• - 4
 yea weight lifting is good im bashing deadlift in general. u see guys try to lift as much as possible and crumble under the weight. thats what im saying. sure lifting alot is gunna make u bulk out, but its about endurance in my eyes. im also saying its not just about the deadlift. but u all kno better right? it is pinkbike after all.....can i get some more negative props???
  • + 1
 there are tons of excersices that use no weights at all. and work muscles u didnt even know were there. in your core and other parts, im not a professional ofcourse but i learned alot from a phisiotherapist , in the sence of working my whole body not just the ones that make me look big and bulky. now ur gunna get a bunch of young kids out just deadlifting thinking thats all there is too it. u need to work all ur muscles
  • + 1
 Dead lifts do work your hole body but in a different way to say core planks and leg raises... Just stay well away from any weight lifting machines and work around the consept of 3 weight exercises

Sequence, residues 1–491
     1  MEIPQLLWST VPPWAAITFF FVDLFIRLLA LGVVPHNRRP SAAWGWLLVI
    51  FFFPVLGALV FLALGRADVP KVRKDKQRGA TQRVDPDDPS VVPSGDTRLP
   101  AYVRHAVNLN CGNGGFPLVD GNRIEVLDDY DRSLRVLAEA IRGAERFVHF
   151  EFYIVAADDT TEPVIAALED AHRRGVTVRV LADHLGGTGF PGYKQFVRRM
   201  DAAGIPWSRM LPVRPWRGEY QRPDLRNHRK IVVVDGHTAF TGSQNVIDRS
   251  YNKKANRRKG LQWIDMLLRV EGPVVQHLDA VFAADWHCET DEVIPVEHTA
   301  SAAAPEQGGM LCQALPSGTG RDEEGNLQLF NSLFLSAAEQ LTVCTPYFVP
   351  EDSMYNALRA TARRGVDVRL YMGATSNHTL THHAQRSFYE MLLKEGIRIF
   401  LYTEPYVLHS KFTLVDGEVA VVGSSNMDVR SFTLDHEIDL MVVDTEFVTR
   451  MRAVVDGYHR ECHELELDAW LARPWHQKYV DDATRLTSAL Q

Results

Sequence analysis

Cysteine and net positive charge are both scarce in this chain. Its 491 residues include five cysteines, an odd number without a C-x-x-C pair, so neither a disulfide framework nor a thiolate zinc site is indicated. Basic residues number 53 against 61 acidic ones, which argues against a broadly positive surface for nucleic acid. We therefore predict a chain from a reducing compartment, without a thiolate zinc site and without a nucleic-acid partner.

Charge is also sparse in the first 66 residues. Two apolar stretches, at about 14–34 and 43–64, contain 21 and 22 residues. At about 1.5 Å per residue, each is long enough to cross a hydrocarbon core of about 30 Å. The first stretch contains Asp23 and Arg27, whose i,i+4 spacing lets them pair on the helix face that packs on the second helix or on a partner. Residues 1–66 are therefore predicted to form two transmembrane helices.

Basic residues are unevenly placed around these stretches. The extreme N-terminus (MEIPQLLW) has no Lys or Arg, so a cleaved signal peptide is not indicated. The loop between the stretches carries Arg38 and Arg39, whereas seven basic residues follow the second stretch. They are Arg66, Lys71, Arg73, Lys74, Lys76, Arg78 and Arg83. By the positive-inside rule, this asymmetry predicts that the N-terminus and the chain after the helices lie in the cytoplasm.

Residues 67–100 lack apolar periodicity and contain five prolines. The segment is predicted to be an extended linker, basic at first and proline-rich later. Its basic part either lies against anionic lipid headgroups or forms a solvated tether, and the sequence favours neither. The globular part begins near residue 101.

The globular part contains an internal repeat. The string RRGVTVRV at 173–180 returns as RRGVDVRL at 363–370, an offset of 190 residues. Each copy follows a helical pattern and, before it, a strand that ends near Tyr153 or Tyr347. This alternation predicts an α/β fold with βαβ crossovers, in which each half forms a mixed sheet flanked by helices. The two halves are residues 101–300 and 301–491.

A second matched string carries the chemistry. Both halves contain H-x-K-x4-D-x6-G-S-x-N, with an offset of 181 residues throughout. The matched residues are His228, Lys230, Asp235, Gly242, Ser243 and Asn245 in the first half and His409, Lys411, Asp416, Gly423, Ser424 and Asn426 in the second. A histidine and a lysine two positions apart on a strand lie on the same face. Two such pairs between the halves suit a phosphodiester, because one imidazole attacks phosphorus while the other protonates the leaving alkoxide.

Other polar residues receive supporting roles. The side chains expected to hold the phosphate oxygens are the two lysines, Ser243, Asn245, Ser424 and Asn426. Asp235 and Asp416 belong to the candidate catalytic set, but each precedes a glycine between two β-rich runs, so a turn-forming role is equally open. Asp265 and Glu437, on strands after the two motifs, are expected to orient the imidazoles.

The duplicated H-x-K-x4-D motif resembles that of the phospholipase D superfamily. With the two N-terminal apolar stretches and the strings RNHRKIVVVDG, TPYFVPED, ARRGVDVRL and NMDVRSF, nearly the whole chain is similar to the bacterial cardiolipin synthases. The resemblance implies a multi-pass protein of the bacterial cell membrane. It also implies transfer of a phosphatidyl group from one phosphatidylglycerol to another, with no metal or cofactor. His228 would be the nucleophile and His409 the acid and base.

[Reply]
  • + 10
 I thought the video was pretty helpful. One suggestion, though -- it would be even more helpful to see you lift the actual weight from the side. It's hard to get a good idea of proper form just watching from the front. So much is happening behind that you can't see. Otherwise, I thought this was great.
[Reply]
  • + 6
 weight training will improve your choice of sport that's for sure , important is the way you approach it , multi-joint workouts will give you greater result in many perspective dead lift is one of the most complex workout and body form has to be dialed before even thinking adding a plate I would recommend doing some simpler core workouts if you never try dead lift before get your core in a reasonable strength than start light and stay light get advice, someone that knows about lifting could correct your form also always watch your self than the rest will come in time
Fore arm pump: If you are a regular rider rides often doing this kind of workout should not result fore arm pump if it does than you are doing something wrong , you can still use straps but remember its a good indicator using your own grip , you will always be aware how heavy you are going ( you can also use cross grip )
Stay safe , you need your body to ride
[Reply]